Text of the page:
OYG applies decentralized software to help communities reduce global warming and preserving ecosystems.
OYG is an essential investment to empower communities and combat global issues. In an era where local governments often struggle with political will to tackle pressing concerns like global warming, traditional social media platforms fall short as they are principally designed for advertising, not activism.
OYG looks much like social media. There are familiar chat and video viewing and uploading functions, productivity software and advanced communication media. OYG integrates them for community action.
More than just a socializing platform, OYG offers ways for users to build consensus for actions the community may take. For this reason, OYG protects privacy, anonymity and the immutability of poill results,
OYG reports about consensus in real time, with an AI generated analysis using NLP and LLMs evaluating public sentiment in other communities. It is possible for OYG to clarify political will in high resolution, which crucial if we are to reduce global warming.
OYG is agnostic to differences: one-person = one-vote, and 100% inclusive, which makes OYG a breakthrough for direct democracy in local politics.
Constructively, OYG provides ways to reconcile differences and negotiate solutions, even when leaders fail. In the local venue, communities can use their aggregate purchasing power to obtain better services and reduce waste.
People can take stock of the resources of their own communities: natural, human. material and cultural. They can use OYG to organize local energy and bandwidth co-ops, launch income generators and financial services to help preserve quality of life and reduce global warming.
Briefly stated, our aim is to give communities the technical support they need to set government agenda on a path that reduces global warming.
Defining legislative priorities using NLP and data samples, instead of verifiable consensus of people who are properly informed has created a huge problem. People are not motivated to be responsible for the outcome. They can blame government.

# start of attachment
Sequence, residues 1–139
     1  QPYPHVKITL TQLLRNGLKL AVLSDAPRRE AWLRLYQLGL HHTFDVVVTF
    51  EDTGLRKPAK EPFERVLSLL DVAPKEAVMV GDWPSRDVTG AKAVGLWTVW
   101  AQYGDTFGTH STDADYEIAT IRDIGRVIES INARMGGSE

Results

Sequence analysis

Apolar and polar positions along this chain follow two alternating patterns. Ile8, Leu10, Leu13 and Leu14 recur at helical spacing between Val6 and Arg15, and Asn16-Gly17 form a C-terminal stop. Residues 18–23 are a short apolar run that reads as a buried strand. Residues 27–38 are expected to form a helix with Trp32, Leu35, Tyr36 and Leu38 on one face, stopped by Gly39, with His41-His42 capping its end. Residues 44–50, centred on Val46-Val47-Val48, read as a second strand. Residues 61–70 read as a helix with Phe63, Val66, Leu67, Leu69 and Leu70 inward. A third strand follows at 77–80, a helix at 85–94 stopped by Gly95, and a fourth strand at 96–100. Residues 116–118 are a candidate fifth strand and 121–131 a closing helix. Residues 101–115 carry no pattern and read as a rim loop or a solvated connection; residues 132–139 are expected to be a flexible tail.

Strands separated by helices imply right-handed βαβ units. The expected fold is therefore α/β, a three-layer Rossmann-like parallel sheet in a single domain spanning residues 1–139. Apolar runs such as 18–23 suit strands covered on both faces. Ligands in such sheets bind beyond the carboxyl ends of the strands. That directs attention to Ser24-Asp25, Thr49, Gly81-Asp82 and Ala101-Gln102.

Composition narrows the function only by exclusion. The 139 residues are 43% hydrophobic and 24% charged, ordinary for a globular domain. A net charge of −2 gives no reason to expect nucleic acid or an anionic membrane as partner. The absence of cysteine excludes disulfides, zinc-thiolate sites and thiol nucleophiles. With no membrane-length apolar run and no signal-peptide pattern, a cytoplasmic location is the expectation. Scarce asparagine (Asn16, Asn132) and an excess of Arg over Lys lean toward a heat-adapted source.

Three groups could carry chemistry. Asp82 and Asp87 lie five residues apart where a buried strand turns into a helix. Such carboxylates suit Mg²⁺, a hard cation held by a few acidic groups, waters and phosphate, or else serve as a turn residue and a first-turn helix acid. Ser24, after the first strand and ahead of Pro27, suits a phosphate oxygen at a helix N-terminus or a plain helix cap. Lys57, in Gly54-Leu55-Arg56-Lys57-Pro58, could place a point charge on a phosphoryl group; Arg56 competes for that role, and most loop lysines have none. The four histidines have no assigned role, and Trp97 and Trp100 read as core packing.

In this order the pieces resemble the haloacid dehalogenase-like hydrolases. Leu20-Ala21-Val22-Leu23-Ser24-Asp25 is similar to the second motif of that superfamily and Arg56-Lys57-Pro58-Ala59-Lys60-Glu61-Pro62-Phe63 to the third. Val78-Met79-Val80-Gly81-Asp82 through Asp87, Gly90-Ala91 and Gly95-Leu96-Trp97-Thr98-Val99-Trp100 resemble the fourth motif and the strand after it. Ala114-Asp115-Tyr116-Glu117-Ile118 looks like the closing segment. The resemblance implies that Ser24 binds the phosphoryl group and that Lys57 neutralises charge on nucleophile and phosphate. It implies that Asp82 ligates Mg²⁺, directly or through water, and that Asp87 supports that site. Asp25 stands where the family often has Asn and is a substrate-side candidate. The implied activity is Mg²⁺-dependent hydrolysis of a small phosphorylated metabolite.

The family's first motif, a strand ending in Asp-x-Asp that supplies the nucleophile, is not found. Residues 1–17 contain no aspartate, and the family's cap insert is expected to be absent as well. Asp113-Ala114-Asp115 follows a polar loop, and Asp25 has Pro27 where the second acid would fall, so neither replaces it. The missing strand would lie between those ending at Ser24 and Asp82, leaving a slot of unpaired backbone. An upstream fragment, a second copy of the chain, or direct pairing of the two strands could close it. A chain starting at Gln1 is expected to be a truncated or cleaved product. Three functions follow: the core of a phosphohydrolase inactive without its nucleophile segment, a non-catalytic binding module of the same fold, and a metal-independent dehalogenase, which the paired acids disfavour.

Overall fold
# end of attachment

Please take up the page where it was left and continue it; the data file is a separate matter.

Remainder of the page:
Misinformation, opinion and gossip gets our attention, or we keep our heads in the sand. Voting doesn’t set the agenda of government to address our priorities, it just puts a piece on the board.
Why should we expect that the public will feel responsible for and able to make a difference about global warming, or be motivated beyond buying solar panels?
Voters distrust government, grow cynical and stop participating
Much technology is designed to support those who paid for its development. Those who fund campaigns of elected officials have more access to them than voters. We may feel anxious about homelessness, mass shootings, growing economic hardship and endemic poverty and like the voters who feel powerless, local elected officials blame the next higher level of government.
Ecosystems are failing. Lithium, Copper and rare earth mining for electrification is not well thought out, if not, insane. 100s of millions in poverty. and what is that if not the epitome of powerlessness? How do powerless people help reduce global warming? OYG Own Your Government.
Our response to global warming is constrained by institutions that are supposed to defend us against existential threats. reasonable expectation of government.